Ellia watches the boy who emerges from his house every day at 5:30am to run. She goes outside to meet him, remembering that she saw him when she woke up in the hospital with tubes everywhere. A week after getting out of the hospital Ellia finally decides to talk to Liam, asking him for help in unlocking her phone. Ellia remembers Liam visiting her in the hospital and her not recognizing him, believing she has just started high school. But when she learns later from a friend that he is telling the truth, Ellia wonders if her parents knew she was dating a white boy.

As a result of her fall, Ellia has retrograde amnesia "which was the inability to recall past events because of severe head trauma." Her parents believe that her remembering her phone password is a good sign, but Ellia's neurologist, Dr. Whittaker has told her that "adapting to everyday life would be an adjustment." On the advice of Whittaker, Ellia is sent to a psychologist to undergo cognitive therapy.

When Ellia's best friend Stacey visits she reveals to Ellia that she wants to be a designer but that her father wants her to follow him and be an engineer. Stacey gives Ellia a reference point, a link to her immediate past that she cannot remember. With well over three hundred friends on Facebook, Ellia can only remember twelve of them. Checking her phone reveals hundreds of pictures with Liam and other friends. Stacey suggests that she contact Liam, but to Ellia this feels odd because Liam seems like a stranger to her.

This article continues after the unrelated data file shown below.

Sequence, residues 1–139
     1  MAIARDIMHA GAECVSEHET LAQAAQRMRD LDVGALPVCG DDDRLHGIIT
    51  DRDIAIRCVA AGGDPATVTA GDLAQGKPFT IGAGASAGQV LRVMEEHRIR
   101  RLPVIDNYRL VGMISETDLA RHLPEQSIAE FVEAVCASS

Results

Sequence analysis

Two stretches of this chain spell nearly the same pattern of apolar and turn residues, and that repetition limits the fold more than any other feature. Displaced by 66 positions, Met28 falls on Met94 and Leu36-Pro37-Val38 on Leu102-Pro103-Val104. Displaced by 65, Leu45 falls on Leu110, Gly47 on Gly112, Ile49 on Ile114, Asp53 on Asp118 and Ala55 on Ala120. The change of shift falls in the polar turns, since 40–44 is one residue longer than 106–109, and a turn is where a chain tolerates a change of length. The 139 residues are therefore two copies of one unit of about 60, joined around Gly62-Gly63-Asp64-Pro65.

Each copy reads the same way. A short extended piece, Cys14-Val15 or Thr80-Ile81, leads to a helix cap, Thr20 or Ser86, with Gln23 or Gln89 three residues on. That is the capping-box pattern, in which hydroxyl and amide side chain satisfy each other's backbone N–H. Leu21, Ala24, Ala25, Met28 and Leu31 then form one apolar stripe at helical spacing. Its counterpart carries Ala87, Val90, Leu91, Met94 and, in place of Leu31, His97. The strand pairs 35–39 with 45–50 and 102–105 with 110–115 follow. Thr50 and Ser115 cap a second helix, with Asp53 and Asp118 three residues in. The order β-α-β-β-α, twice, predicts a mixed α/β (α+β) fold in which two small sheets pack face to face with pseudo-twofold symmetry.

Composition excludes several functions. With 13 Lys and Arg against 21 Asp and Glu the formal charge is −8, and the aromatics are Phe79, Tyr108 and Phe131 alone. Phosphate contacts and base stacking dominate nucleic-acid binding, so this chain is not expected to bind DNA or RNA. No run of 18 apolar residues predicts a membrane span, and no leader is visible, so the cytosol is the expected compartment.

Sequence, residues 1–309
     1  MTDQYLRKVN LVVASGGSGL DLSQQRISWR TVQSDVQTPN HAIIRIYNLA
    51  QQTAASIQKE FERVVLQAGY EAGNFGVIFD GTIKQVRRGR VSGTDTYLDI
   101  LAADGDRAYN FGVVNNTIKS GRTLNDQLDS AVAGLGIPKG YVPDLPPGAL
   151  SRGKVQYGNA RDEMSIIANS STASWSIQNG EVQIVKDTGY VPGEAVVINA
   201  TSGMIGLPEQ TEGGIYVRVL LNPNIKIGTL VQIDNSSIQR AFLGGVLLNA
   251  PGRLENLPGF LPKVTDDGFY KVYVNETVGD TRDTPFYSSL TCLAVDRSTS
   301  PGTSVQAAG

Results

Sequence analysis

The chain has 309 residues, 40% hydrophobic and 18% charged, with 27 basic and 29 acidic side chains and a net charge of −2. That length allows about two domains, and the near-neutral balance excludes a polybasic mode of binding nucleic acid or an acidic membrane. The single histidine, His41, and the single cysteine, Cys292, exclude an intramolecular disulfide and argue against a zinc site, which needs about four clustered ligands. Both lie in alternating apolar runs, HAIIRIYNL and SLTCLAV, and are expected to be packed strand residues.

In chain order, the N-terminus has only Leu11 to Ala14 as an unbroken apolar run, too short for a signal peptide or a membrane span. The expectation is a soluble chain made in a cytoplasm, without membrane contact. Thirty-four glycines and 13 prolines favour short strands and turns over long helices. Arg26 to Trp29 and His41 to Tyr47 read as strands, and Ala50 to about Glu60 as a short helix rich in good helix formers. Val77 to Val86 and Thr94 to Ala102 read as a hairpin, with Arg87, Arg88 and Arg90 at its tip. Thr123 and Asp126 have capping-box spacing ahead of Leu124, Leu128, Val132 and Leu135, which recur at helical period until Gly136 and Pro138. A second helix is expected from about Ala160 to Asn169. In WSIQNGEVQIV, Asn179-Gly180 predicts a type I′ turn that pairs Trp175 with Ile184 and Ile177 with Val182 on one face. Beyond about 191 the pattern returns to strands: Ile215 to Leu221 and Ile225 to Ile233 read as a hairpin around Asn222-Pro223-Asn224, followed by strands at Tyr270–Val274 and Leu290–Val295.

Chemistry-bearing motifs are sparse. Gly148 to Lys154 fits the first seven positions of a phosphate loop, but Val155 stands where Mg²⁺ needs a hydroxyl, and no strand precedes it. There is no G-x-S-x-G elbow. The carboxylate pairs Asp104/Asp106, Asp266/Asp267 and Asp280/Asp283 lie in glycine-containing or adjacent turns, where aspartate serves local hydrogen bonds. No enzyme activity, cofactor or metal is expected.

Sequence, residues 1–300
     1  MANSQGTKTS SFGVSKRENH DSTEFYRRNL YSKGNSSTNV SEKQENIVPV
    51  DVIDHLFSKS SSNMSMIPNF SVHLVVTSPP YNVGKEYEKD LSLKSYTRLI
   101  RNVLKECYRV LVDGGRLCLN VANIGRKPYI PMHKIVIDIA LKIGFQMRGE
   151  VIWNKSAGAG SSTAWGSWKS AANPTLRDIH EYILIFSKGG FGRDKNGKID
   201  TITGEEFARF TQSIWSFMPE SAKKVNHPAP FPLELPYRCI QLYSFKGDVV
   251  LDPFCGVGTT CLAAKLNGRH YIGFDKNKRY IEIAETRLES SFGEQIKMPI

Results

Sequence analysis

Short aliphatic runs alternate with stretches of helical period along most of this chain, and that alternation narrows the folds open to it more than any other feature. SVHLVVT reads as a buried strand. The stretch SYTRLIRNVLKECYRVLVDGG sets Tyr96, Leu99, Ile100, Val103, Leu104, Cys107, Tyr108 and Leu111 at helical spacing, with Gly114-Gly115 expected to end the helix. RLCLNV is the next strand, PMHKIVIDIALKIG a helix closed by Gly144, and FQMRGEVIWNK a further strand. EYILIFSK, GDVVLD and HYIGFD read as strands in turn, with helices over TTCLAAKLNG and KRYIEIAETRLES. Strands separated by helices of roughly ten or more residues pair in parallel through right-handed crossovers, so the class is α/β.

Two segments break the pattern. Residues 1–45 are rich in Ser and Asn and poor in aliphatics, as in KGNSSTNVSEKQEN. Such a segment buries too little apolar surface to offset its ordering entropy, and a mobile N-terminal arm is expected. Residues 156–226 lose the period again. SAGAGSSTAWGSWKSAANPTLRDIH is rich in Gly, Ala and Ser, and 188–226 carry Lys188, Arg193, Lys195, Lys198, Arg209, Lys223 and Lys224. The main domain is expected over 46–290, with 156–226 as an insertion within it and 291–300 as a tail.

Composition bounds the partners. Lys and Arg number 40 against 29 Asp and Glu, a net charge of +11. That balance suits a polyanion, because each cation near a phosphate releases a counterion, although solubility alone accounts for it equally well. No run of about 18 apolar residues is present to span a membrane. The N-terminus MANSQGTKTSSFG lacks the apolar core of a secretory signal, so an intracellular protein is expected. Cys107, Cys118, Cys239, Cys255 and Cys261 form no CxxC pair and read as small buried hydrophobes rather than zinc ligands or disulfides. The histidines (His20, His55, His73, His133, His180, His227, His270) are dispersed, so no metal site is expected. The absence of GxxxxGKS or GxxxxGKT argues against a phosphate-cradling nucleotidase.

Liam attends Leon High School along with his uncle Wade McPherson (his grandfather married a much younger woman and had a child.) who lives with Liam's family three weeks out of every month. Distraught at the loss of their relationship, Liam decides to "write the story of me and Ellia, how we met, how we fell in love -- the whole nine. It would be an epic tale of love found and lost..." Liam uses Ellia's best friend, Stacey to learn how she is faring but Stacey presses Liam to visit Ellia and tells him to just be there for her and to "Give her a reason to know who you are or leave her alone."

Liam's father, a former Navy man, is a force to be reckoned with. He insists that Liam do two volunteer placements and questions Liam if he's still involved with Ellia who he has forbidden him to see. Liam attempts to tell his dad that he loves Ellia but that doesn't go over well. Even worse when Ellia shows up on his street and Liam is caught by his father talking to her, she is forced to leave.